dynamic of Herod's 'detox by detention' approach.
First, the initial
charge of theft was changed by the prosecutor to robbery because two people were
involved, and then a month before their hearing, Prime Minister Hun Sen vowed to
use an "iron fist" against court officials who illegally released robbers.
As a result, the minimum sentence had jumped from six months to three
years, and every judge and prosecutor at the Phnom Penh Municipal Court was
scrambling to be seen as coming down hard on robbers.
pressure from the top, Chu's lawyer, Soeung Ratha, who met his clients at the
courtroom on the day of the hearing, was confident they would be released.
A letter was submitted from the bike's owner asking that the complaint
be dropped and that time spent in pre-trial custody be considered sufficient
punishment. But under the French-based legal system used in Cambodia, the
prosecutor brings charges against the accused, and the bike owner's request was
Statements from the Transcultural Psycho-social Organization
(TPO) testified to the men's fragile mental states at the time - especially
Chhoeuth, who suffers from bipolar disorder and has a row of pale scars slashed
across the inside of one arm.
The evidence against Chu and Chhoeuth
amounted to a police report that had the men's names wrong and was based on just
one witness who saw the bike being push-started but not being taken from the
According to the lawyer, no further investigation was done by
the prosecutor, Ngeth Sarath, or investigating judge Thong Ol.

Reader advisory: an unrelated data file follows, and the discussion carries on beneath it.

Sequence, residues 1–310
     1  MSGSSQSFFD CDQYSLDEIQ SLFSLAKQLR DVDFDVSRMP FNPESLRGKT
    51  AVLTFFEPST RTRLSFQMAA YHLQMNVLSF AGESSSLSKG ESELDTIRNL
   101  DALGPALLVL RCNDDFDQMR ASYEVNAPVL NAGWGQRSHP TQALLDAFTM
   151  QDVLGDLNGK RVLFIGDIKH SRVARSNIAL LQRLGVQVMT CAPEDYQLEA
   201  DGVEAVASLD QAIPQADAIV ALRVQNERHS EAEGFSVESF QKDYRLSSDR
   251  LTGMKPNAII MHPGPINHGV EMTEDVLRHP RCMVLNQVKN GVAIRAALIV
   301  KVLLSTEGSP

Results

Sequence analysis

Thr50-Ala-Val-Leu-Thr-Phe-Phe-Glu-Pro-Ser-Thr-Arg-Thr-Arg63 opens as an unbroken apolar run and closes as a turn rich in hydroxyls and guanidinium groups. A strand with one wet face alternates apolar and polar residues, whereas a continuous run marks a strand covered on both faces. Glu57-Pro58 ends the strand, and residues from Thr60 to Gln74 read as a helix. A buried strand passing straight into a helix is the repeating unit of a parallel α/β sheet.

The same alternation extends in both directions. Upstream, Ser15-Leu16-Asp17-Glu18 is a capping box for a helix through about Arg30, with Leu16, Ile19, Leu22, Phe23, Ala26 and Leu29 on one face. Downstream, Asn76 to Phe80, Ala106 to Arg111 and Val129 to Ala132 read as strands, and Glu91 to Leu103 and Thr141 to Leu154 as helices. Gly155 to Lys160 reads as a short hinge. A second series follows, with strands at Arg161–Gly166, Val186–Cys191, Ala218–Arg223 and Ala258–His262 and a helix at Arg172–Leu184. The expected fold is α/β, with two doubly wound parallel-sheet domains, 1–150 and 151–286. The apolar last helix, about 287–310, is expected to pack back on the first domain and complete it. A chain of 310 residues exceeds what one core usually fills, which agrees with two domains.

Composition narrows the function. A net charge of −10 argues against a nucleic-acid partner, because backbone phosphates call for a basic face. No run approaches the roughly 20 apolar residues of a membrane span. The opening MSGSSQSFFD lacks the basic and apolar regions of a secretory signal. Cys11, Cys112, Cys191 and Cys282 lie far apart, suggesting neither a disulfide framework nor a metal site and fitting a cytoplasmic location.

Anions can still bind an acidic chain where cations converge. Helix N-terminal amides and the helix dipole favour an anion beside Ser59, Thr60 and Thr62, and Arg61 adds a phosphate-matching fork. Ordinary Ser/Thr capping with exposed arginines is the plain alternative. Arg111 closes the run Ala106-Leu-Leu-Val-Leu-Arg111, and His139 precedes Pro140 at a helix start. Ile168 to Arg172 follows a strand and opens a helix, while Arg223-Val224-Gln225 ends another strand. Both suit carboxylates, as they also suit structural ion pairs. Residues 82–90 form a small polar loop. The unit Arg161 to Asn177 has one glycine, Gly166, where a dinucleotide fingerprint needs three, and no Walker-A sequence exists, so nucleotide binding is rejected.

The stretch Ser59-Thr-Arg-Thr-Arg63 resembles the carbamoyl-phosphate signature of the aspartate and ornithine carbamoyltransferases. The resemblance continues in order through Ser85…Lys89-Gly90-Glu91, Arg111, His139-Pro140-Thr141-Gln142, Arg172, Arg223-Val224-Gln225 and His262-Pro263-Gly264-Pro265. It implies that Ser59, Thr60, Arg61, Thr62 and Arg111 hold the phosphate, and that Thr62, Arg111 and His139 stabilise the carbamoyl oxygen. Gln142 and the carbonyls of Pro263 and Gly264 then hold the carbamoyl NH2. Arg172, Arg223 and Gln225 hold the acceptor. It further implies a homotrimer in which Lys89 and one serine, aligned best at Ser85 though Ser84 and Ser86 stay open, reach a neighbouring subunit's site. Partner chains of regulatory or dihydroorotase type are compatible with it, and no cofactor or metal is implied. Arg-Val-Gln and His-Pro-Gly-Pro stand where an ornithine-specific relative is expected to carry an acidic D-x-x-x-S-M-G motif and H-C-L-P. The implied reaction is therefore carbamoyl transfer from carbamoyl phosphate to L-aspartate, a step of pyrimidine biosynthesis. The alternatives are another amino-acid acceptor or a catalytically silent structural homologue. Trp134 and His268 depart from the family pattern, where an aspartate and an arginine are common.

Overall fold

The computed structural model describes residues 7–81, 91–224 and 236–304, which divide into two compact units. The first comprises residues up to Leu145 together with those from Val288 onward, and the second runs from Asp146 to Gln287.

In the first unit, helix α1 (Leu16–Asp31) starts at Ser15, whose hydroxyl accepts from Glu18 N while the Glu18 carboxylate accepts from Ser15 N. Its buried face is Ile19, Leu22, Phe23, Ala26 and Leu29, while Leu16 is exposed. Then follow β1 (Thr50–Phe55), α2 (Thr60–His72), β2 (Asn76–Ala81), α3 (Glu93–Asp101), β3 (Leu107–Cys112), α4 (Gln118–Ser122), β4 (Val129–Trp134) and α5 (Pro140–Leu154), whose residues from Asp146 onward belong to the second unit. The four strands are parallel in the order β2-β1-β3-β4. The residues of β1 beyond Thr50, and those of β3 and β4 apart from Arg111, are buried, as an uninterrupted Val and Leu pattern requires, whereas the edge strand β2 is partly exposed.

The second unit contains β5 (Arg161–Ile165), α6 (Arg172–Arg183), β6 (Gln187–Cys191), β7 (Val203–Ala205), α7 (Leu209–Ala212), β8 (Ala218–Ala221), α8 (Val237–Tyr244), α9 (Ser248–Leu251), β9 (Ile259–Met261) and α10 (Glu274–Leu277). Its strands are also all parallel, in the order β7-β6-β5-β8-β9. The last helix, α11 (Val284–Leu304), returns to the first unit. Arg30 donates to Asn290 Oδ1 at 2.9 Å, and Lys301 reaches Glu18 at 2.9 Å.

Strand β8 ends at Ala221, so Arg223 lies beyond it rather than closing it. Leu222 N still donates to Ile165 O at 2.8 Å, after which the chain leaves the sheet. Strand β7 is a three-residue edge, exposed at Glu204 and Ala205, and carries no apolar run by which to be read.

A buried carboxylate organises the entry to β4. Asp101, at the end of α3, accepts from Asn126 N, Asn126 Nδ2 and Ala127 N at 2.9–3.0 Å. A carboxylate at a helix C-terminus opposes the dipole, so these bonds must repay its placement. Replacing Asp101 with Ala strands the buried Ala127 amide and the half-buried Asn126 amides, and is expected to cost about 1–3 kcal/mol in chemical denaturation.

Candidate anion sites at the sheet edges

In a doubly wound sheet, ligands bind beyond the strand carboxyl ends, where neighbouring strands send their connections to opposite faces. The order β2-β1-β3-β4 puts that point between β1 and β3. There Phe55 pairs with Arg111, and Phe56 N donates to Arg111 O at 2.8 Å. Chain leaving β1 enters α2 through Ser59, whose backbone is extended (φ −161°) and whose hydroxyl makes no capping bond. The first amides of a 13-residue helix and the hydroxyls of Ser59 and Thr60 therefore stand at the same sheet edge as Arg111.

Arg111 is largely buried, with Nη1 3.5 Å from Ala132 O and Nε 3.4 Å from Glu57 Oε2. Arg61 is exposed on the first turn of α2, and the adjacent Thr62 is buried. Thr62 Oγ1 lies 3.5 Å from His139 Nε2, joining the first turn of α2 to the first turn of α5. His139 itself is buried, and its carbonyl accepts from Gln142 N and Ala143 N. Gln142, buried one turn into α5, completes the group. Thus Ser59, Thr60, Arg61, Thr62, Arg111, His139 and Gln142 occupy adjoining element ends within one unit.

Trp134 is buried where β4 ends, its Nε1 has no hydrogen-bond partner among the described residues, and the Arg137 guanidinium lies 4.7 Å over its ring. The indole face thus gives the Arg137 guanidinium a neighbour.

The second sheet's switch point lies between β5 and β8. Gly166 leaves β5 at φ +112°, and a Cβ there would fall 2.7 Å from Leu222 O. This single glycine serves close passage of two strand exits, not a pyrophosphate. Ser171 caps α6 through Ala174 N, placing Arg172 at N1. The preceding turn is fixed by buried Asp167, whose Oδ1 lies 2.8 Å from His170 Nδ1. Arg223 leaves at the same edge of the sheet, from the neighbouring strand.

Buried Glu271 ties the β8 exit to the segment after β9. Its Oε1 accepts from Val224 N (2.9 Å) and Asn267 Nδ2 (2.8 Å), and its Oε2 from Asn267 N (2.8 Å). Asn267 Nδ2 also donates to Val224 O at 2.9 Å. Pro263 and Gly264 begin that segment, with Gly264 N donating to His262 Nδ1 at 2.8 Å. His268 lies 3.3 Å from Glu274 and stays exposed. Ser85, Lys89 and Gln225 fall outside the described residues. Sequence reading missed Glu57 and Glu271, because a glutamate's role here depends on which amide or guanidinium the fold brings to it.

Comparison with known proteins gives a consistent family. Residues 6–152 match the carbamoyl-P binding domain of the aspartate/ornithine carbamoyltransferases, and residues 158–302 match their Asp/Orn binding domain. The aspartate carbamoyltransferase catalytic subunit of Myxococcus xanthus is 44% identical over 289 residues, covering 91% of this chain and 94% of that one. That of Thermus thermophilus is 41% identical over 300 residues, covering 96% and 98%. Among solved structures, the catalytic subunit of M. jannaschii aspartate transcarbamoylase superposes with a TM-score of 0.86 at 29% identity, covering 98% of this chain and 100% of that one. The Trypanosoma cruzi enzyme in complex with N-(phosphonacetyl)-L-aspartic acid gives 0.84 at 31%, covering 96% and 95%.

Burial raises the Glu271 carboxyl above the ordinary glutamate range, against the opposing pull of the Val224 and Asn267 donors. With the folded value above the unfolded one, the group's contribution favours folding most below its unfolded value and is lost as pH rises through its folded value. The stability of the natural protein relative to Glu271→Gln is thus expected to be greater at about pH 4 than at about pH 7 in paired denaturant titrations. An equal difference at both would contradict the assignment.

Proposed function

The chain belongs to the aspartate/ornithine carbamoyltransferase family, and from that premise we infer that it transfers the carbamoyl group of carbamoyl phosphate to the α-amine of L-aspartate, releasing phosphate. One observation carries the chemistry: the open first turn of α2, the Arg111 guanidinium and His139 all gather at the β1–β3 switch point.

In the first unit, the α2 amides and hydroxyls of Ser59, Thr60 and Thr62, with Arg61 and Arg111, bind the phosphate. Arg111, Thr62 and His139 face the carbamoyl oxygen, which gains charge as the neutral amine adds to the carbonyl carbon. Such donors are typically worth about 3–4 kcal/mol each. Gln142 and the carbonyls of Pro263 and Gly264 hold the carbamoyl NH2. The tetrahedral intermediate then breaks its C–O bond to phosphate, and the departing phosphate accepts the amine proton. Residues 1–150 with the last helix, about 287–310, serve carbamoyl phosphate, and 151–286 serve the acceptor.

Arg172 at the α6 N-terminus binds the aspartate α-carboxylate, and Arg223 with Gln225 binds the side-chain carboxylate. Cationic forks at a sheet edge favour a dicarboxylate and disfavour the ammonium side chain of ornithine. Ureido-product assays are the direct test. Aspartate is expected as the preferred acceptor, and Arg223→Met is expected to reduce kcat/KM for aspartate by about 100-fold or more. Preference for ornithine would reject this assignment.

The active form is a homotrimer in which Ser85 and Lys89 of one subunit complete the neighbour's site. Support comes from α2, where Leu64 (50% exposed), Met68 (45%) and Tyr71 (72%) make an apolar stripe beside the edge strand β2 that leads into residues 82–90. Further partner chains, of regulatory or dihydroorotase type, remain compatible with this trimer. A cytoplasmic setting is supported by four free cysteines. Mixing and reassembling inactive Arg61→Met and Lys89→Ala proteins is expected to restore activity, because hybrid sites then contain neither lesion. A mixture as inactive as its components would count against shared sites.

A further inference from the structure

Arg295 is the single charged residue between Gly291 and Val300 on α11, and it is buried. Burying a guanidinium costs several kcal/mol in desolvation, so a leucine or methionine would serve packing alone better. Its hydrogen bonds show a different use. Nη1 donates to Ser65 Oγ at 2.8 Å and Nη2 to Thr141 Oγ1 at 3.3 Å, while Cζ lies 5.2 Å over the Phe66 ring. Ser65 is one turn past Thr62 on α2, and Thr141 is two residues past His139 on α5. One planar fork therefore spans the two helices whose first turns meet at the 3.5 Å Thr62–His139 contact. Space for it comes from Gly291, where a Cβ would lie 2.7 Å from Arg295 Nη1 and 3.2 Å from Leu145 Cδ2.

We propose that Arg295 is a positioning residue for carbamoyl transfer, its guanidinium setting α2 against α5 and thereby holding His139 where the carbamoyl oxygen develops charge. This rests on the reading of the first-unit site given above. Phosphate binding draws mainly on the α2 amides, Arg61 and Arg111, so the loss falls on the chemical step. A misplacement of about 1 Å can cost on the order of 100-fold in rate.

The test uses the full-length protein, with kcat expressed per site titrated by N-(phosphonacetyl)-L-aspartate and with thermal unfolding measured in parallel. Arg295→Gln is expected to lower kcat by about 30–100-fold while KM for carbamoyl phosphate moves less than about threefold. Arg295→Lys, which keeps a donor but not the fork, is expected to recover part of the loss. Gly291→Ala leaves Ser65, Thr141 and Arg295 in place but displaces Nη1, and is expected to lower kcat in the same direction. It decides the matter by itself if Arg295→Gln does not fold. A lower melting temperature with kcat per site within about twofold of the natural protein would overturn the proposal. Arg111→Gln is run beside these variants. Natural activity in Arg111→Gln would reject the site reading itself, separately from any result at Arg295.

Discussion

didn't have any proof, he just took the police report ... and took it to the
[presiding] judge to make the decision," Ratha says. "I think the judge and
prosecutor [were] afraid that if they released Yuthea Chhoeuth and Phok
Chhoeuth, maybe they would have a problem."
While Ratha says both his
clients understood Khmer well, Chu says he struggled to follow the case against
"I don't speak so much Khmer. So when I got up in court, they made
me look stupid, using big words and that. I was dumbfounded."
feeling grew when presiding judge Tan Senarong found both of them guilty and
handed down five-year jail terms.
"We aren't perfect people, but to get
five years for something outlandish, it's just crazy," Chu says. "Even the
guards here [in CC1] can't believe it. They say you guys should be goin' home.
You really got the stiff one."
While an appeal has been filed and Herod has been assured a
hearing will take place within three months, the two returnees are getting used
to life inside a Cambodian lockup.
"It's a real third world prison,"
observes Chu, who says most of the guards are "real nice" even though he has
witnessed beatings and been amazed at the corruption within the
"They got a funny way to do business, real primitive," he says
during an interview that took place after an intermediary gave a total of 34,000
riel to three different prison guards.
Chu's friends say the grim
prospect of another long stretch in prison has forced a breakthrough in the drug
addiction he has battled for years.
But things have been harder for
Chhoeuth, who was not receiving the lithium being sent by Herod through prison
guards to treat his manic depression.
Ten days after the trial he
slashed his left wrist.
Lacking money to bribe the prison's medical
workers, Choeuth was sent back to his cell after a few hours, without stitches,
painkillers, or even a Band-Aid.
During the interview, he keeps the deep
gash turned face down and out of sight, mostly nodding in agreement with Chu.
"I'm worried about him," Chu says. "He needs his meds and a psych. I
mean, I did some psych courses and philosophy courses in college, so I can try
to get through a little bit, but he needs some help."
Now, medication is
arriving and Chu has made himself responsible for doling it out, guarding
against Chhoeuth's temptation to swallow all the pills at once.
cell has no running water, and they can't bring themselves to touch prison food.
RAP pays $40 a month to ensure a basic meal arrives twice a day, with drinking
water, while generous friends send extra food, cigarettes and money to pay for